Saturday, July 16, 2016

Marquis de Cottonwood

Yesterday I successfully made it up Little Cottonwood Canyon in the heat of the day (Just over 100F at the base of the canyon) and, as should be evidenced by writing this post, I did not die. This was done to celebrate the Bastille Day Tour De France stage up Mount Ventoux (Thursday July 14th).

Bastille Day is a big celebration in France, and the TDF stage is often part of the national celebration with some feat of over-the-top cycling effort by one or more French nationals marking the date. This year all Bastille Day celebrations were upset by an act of violence in the French city of Nice that took the lives of at least 84 people. Despite that attack TDF stage 12 will be a stage that contributes both to the wonderful history of Bastille Day stages, and to the lore of stages on Mount Ventoux.

I know this one story about Bastille Day, and I like it enough to be hesitant to check it out much because I suspect it is just apocryphal invention. Bastille Day is the day that the prison of the Bastille was stormed during the French revolution, and the prisoners held therein freed. The story has one prisoner –The Marquis de Sade- screaming at the attacking crowds from inside the Bastille; “Storm The Bastille!” he screams. In other words the Marquis de Sade, having grown uncomfortable with his bondage, invented the first recorded instance of a “Safe Word”; although in this early instance it was a “Safe Phrase”.

I was literally shaking from the effort when I pulled over at the 2nd entrance to Snowbird Ski resort. I wanted to take this picture of a sign pointing to the medical facility so I could add it to the blog. I took off my jersey to cool off for a moment too. It is in this picture, but it may be difficult to make out. It is the red thing that looks like it has a picture of a mushroom cloud on it; that’s right I have this jersey with a f**king picture of a mushroom cloud on it!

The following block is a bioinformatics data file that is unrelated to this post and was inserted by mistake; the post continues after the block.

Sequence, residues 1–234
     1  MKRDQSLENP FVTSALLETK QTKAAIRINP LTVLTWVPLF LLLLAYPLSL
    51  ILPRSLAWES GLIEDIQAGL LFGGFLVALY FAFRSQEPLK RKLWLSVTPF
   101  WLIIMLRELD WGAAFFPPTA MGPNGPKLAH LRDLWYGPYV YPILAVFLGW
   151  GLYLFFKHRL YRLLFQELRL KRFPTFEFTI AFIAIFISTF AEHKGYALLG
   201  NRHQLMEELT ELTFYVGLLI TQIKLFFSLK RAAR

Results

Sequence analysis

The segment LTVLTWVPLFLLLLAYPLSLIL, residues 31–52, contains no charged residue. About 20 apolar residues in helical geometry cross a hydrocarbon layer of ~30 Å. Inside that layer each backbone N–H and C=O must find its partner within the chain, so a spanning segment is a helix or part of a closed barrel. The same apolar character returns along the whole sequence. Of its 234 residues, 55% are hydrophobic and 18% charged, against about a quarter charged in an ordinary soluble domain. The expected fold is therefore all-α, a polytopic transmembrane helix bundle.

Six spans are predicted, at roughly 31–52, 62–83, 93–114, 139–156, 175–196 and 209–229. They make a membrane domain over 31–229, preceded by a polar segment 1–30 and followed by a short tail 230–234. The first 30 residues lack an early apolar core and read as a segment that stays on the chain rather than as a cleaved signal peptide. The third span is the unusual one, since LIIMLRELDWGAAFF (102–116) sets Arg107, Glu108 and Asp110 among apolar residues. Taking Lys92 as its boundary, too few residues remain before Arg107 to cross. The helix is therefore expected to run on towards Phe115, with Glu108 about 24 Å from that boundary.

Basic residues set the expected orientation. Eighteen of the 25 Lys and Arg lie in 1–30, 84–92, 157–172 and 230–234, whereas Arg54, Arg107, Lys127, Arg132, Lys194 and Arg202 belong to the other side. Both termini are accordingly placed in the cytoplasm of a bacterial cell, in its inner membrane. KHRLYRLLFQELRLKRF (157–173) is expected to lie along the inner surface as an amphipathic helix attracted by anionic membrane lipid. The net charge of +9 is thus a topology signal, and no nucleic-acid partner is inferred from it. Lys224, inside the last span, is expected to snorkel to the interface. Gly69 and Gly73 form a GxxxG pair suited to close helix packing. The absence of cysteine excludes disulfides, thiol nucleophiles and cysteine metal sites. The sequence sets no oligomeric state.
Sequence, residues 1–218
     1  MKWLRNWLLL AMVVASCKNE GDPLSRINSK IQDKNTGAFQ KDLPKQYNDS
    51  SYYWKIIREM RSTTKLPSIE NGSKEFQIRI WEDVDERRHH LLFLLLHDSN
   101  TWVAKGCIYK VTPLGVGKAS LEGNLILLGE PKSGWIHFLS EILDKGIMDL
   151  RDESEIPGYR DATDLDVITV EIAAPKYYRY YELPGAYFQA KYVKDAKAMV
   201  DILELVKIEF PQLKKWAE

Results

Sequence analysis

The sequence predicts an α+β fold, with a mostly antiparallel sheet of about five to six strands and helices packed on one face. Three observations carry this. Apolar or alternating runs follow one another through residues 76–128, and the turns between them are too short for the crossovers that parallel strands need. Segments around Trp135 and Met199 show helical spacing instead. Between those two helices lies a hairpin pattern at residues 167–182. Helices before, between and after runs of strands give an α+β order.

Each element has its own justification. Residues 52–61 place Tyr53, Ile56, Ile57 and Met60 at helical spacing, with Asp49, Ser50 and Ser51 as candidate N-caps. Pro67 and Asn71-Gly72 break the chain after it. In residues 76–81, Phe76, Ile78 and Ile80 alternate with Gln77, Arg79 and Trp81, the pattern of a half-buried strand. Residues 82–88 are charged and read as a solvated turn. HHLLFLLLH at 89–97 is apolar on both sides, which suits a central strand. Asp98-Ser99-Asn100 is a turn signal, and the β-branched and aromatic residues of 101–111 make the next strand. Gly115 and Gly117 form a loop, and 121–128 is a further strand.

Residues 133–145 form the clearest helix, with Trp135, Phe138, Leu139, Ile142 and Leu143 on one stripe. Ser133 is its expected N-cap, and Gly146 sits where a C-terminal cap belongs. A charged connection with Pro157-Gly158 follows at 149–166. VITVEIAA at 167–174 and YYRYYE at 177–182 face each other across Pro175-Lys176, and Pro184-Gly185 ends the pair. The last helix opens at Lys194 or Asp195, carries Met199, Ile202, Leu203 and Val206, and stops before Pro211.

This year’s Bastille Day TDF stage route was shortened because Mount Ventoux was experiencing 125 km/hour winds. This is a lot of wind. Too much to bicycle in, and maybe too much to stand around in. The crowds found themselves crammed down the mountain into a much tighter space, and the riders found themselves bicycling though crowds crammed into a much smaller space. The camera crews on motorcycles found themselves barely able to pass through the crowds, and at several times were stopped dead by the throngs. The camera crews on motorcycles often try and get good photos of the race leader, and at one dead stop the race leader –Chris Froome- crashed into one motorcycle and fell over, and then his bike got run over and broken by another motorcycle. Unable to continue on bike, and with a replacement bike delayed by the same throng of fans that caused the accident, Froome did the only thing he could do, he ran up the hill.

I did not have to run up LCC, but I did lose the replaceable heal to my now old SIDI bicycling shoes. I am hoping to find a suitable replacement.








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